Expenses for the July-to-October 2020 period increased compared to the same months a year earlier as wages and salaries rose from $48.4 million to $50.7 million and benefits moved upward from $51.4 million to $52.2 million.  Those increases, along with a larger outlay for purchased services, were enough to offset lower expenses for materials and the ACCESS program and resulted in a net increase of $765,000 in outlays. As noted above, passenger revenue fell 67 percent from $30.5 million to $10 million.

Normally, revenue from passengers amounts to roughly a fourth of total PAAC operating revenue and 20 percent of total including capital grants. Taxpayers and turnpike users are covering the remainder. In the July-to-October 2020 period, passenger revenue was down by $20 million and represented only 9 percent of total operating revenue during the four months (capital grants were not posted in the four-month report). The other 91 percent was provided courtesy of government funding.

Clearly, if state and federal subsidies were not so large, or, said another way, if passenger revenue represented a much greater share of total revenue, the massive 67 percent drop in passengers would have been devastating to the authority’s financial picture. 

Need for employee count and costs adjustment 

In March 2020, at the start of the pandemic, the Port Authority announced a 25 percent reduction in service.   But there have been no accompanying employee cuts as the increases in wage and salary expenses and benefit expenses during FY 2020 and over the last several months show. In contrast, the Massachusetts Bay Port Authority announced a 25 percent staff reduction in November as passenger demand remains very weak.

Over the last few years, Allegheny Institute Policy Briefs have documented the extraordinarily high bus per revenue mile and per revenue hour operating costs at the Port Authority in comparison to transit agencies around the country.  The following quote from Policy Brief (Vol.18, No.18) of May 2018 illustrates the extraordinarily high bus operations costs.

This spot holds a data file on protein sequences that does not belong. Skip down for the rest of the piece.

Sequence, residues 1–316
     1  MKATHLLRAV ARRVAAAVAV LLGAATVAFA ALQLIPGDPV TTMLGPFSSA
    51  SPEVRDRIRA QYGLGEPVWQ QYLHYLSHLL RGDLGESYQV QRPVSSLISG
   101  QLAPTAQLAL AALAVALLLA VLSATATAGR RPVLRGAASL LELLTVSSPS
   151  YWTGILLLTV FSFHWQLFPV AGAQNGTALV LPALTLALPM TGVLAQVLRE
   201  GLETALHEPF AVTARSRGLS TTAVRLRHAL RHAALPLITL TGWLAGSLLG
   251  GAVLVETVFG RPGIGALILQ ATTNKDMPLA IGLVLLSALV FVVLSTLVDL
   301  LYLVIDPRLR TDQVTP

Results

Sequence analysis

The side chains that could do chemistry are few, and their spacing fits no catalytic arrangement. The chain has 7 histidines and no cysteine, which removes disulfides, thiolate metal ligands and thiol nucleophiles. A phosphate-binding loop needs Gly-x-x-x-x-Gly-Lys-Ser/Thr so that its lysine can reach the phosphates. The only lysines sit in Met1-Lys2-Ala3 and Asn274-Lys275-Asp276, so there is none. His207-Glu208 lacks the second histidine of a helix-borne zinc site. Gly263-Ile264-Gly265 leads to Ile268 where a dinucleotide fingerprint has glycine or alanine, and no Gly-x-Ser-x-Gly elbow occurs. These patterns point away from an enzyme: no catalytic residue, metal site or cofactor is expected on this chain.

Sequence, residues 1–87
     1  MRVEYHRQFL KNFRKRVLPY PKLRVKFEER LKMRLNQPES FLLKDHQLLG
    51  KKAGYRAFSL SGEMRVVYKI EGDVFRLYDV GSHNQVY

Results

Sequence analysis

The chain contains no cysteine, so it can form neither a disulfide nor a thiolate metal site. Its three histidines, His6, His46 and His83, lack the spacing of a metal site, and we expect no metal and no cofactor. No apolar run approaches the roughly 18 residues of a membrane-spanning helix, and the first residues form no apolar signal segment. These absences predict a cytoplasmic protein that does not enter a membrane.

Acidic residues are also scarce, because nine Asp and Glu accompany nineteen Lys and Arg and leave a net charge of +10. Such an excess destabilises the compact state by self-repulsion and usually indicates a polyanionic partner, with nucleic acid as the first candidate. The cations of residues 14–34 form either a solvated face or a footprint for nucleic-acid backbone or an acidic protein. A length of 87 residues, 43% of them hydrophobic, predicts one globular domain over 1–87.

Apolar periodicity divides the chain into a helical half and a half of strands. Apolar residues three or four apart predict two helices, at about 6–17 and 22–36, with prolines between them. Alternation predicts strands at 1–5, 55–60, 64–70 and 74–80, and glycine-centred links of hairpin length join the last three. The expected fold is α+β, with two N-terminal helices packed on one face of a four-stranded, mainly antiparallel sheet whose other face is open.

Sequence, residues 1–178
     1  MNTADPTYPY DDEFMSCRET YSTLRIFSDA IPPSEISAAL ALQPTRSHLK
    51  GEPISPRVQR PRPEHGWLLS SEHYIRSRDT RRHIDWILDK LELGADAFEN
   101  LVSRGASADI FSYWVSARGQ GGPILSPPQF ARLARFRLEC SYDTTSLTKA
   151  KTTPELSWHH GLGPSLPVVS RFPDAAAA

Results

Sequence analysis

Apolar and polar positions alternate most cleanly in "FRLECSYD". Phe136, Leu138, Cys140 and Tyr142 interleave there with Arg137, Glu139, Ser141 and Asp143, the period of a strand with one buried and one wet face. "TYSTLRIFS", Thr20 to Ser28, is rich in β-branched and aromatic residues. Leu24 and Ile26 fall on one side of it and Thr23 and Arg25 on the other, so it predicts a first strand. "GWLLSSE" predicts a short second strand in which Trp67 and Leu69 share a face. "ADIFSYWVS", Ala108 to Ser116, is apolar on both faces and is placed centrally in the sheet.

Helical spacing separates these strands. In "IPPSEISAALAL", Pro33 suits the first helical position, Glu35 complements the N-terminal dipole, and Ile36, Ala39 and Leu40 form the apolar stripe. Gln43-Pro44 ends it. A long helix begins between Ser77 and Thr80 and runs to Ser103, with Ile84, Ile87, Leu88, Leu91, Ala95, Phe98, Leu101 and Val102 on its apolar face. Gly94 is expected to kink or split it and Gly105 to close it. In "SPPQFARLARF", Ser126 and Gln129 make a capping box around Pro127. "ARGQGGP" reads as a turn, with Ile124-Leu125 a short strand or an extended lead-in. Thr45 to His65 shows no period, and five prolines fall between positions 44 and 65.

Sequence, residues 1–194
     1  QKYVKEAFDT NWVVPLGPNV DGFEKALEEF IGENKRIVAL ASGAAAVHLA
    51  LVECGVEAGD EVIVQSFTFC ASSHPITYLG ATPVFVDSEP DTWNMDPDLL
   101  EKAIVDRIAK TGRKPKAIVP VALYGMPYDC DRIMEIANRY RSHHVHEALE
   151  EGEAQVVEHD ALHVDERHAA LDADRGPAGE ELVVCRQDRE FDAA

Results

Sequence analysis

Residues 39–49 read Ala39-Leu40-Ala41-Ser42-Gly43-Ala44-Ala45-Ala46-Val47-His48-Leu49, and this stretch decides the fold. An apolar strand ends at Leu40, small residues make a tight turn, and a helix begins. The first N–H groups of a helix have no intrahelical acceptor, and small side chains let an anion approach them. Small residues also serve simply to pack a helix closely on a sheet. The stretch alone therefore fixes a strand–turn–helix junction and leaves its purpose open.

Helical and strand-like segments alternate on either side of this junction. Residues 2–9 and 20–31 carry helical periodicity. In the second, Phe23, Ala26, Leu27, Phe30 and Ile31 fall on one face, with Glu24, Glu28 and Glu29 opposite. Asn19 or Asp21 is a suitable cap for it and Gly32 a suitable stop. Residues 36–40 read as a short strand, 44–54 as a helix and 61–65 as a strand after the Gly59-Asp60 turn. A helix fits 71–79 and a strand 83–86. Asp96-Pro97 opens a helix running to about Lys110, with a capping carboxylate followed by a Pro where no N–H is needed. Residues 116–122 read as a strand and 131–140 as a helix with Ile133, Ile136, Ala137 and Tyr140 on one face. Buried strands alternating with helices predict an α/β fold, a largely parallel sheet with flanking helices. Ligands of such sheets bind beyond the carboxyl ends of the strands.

Total operating expenses per revenue hour data for 2016 were gathered from the National Transit Database for 28 transit agencies across the country. Of the 28 only one, New York City at $226, had higher operating cost per revenue hour than PAAC’s $189.69. Boston ($185.14) and San Francisco ($186.54) were close to PAAC. The next most expensive were Newark, N.J. at $167.47, Seattle at $159.41 and Southeastern Pennsylvania Transportation Authority (SEPTA) in Philadelphia at $158.40. D.C. Metro was $152.30 and Los Angeles was $153.73.

A detailed comparison of PAAC with 10 comparably sized agencies in Charlotte; Cincinnati; Columbus; Cleveland; Milwaukee; Minneapolis; St. Louis; Atlanta; San Antonio and Salt Lake City was performed.

The comparison study found that PAAC had total bus operating expenses per revenue hour of $189.69 while the 10-agency comparison group averaged $117.42, making PAAC 62 percent more expensive than the 10-system average. Total employee cost per revenue hour at PAAC was $150.08 compared to an average of $89.77 for the 10 systems making PAAC employee costs per hour 67 percent higher than the group average. Fringe benefits for all bus service employees at PAAC was $72.76 and the average for the 10 systems was $36.27 making PAAC’s costs per hour 100 percent greater than the group.